US researchers have found a way to induce switching in nanoscale materials, a discovery that could lead the way to new types of memory devices for computer information storage, tiny sensors, and even nano motors to power microelectromechanical (MEMS) systems. The team comprises Sergey Prosandeev, Inna Ponomarena, Igor Kornev, Ivan Naumov, and Laurent Bellaiche of the University of Arkansas.
“The properties of nanoscale objects are often different from the properties of objects at the macroscopic scale,” Prosandeev explains, “We try to study the new properties of objects at the nanoscale to understand how to apply them to technology.” Prosandeev and his colleagues are investigating so-called ferroelectric compounds, materials that adopt electrical dipoles all lying along the same direction. Such materials are currently used in medical ultrasound, naval sonar and smart memory cards. Until now, scientists had assumed that the ferroelectric effect would fail if the crystals were close to the nanoscopic because of size effects.
However, in a nanodot, a sub-microscopic sliver of ferroelectric crystal, this “loss” is governed by the swirling of charges within the nanodot, which cancel each other out. The Arkansas team decided to calculate the possibility of switching the direction of the charge vortex, which would open up the possibility of using these nanoscale materials in switches, sensors and other devices. The team used very complex but extremely close to nature computational techniques. “We use what are called methods from first-principles, which are known for their accuracy and microscopic insights,” Bellaiche told Spotlight.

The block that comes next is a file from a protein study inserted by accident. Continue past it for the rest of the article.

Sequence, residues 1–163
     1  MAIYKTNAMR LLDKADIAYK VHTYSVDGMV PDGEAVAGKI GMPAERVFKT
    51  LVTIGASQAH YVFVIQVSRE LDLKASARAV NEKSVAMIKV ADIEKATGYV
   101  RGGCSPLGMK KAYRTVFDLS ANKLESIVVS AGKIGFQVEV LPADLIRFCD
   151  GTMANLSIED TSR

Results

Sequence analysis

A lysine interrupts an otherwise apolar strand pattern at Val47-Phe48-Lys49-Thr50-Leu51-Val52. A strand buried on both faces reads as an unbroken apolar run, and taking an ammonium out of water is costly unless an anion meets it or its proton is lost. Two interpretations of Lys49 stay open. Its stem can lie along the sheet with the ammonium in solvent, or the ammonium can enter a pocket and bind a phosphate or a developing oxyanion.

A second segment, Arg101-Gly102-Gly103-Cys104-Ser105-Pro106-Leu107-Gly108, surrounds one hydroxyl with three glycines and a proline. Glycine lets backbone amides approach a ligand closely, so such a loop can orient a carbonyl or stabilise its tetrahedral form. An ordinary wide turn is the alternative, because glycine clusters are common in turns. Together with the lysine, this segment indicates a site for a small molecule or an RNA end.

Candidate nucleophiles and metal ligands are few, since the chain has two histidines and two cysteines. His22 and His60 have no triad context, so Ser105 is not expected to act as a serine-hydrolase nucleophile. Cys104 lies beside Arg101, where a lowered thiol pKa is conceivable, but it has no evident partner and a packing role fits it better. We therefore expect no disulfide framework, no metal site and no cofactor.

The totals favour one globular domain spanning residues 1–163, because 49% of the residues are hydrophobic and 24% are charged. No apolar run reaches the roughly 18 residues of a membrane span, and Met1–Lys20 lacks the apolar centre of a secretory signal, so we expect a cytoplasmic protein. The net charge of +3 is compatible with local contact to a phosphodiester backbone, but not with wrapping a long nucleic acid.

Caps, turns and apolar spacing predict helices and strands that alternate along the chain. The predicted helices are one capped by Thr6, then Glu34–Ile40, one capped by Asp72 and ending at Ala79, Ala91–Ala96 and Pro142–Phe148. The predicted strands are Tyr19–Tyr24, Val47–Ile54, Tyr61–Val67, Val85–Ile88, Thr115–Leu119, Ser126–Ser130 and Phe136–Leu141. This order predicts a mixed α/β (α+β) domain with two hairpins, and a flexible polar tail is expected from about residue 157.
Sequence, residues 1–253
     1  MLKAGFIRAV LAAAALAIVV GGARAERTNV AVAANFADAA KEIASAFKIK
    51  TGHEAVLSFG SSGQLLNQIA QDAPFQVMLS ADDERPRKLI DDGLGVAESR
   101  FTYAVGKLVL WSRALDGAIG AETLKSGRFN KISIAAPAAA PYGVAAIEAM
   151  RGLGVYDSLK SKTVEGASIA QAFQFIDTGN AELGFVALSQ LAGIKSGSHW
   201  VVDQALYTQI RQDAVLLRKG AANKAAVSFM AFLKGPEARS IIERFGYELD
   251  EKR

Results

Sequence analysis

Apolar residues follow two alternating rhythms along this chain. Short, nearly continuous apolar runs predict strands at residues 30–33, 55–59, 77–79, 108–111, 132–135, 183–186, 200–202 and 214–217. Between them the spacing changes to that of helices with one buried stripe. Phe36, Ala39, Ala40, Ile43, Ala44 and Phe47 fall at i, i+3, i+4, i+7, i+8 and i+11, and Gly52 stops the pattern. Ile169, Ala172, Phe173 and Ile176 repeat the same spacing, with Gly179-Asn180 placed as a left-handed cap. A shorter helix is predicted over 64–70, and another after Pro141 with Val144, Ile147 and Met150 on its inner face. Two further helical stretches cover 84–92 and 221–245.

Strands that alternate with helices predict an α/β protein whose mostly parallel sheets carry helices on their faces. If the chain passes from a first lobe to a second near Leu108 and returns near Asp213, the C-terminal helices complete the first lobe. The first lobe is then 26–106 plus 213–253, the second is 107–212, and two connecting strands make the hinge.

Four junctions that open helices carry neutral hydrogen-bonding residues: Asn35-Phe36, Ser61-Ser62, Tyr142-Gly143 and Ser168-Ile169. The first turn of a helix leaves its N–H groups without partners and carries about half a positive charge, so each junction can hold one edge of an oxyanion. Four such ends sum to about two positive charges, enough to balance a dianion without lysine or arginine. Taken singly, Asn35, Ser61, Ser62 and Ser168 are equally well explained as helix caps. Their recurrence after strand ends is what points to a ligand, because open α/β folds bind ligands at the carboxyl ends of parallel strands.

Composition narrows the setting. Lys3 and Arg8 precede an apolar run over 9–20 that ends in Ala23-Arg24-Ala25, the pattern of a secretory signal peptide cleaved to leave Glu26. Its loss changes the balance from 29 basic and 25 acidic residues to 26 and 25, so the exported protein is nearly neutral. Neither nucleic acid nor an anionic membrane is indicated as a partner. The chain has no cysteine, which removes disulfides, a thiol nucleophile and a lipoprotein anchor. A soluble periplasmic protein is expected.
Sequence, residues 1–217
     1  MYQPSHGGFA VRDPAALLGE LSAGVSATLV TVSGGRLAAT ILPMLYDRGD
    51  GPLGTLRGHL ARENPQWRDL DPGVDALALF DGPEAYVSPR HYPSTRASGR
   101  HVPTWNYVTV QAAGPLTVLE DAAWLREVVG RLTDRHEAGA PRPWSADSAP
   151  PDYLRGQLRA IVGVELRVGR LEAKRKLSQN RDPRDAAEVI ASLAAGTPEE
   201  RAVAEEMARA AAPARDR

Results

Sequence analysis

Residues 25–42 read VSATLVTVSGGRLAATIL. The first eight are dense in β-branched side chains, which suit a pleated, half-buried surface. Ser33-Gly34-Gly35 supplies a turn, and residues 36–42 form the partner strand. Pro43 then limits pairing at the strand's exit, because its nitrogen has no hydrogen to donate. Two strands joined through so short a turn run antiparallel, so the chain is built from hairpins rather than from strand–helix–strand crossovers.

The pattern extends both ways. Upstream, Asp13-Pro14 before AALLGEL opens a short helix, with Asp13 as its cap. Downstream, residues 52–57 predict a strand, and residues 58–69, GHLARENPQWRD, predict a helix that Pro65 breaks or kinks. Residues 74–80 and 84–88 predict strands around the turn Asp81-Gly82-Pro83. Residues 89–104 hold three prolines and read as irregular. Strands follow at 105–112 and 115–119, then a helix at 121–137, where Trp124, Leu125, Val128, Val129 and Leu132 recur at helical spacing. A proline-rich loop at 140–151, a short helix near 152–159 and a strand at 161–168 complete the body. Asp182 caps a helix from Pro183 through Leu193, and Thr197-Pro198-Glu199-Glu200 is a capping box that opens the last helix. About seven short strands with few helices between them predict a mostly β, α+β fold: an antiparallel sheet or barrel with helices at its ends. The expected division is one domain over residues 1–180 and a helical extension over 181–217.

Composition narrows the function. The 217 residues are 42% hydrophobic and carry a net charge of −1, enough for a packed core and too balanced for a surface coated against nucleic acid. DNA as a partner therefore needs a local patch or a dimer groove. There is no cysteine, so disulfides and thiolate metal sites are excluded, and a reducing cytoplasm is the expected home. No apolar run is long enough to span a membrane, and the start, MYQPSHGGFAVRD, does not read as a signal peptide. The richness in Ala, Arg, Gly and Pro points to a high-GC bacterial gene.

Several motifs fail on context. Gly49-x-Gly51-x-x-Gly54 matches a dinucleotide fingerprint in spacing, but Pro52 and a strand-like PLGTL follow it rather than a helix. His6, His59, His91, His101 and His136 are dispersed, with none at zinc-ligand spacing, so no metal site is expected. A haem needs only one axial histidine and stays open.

First, the team investigated whether they could observe switching in their model using an inhomogeneous, or non-uniform, electric field formed by two different charges located at one side of the nanodot. They found that the external charges could be used to direct the vortex. When the charges were moved, the vortex moved, and when they swapped the two charges, the vortex swirled in the opposite direction.
The researchers explain that such vortex switching could be key to designing memory cards with phenomenal storage capacity far greater than currently possible. Such cards might be controlled by using a scanning tunnelling microscope (STM) tip close to nanodots laid out in array, and using the tip to generate the inhomogeneous electric fields.
Phys Rev Lett, 2006, 96, 237601
Computational Condensed Matter Physics Group, University of Arkansas